A Christchurch man says the Inland Revenue Department (IRD) mistakenly sent him a document with so many private details about a person that he could easily impersonate them.
The one-page document was buried amongst 200 pages that IRD sent to his address this month.
It included the first initial of the person's first name, their surname, IRD number, Work and Income client number and bank number.
It also included details of child support payments, the name of someone regularly putting money into their account, and the dates the transactions were made.
"The thing I find the most dangerous about it is I could ring Work and Income and say I was them and get it so I was receiving their Work and Income payments and child support payments, because all that info is right in front of me."
The man who received the document does not want to be named as he is the subject of an IRD audit.
Because of the nature of the document, which Fairfax has seen, it is likely that it was intended for someone who is also the subject of an audit.
He plans to file a complaint with the Privacy Commission about the breach, and says he would be horrified if his personal details ended up in the wrong hands.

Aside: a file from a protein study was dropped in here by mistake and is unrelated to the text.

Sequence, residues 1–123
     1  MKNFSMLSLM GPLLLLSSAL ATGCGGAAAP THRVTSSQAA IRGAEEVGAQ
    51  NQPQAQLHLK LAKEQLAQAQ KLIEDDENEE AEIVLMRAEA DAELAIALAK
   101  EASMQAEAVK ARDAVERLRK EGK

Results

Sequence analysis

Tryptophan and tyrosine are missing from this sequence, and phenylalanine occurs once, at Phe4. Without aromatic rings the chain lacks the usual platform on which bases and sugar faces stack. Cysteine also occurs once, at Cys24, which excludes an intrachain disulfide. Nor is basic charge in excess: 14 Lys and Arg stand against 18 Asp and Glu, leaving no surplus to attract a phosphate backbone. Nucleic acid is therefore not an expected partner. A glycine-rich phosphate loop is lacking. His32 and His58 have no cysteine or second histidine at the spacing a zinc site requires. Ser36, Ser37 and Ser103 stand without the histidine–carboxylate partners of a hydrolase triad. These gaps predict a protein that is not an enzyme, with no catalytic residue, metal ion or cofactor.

"If it got into the wrong person's hands then you never know what's going to happen.
"I'm concerned about who might have what."
An IRD spokesman said the organisation could not comment on individual cases, citing confidentiality.
When the man initially complained to IRD about the privacy breach he says he was told that if he complained it would create more paperwork for the organisation.
The matter was then referred to Kiwibank, which wrote to him telling him IRD had accepted full responsibility for the mistake.
A letter addressed from an IRD manager says the organisation apologised for the error and an internal inquiry had been launched to ensure it didn't happen again.
It had also alerted the Privacy Commission.
- © Fairfax NZ News
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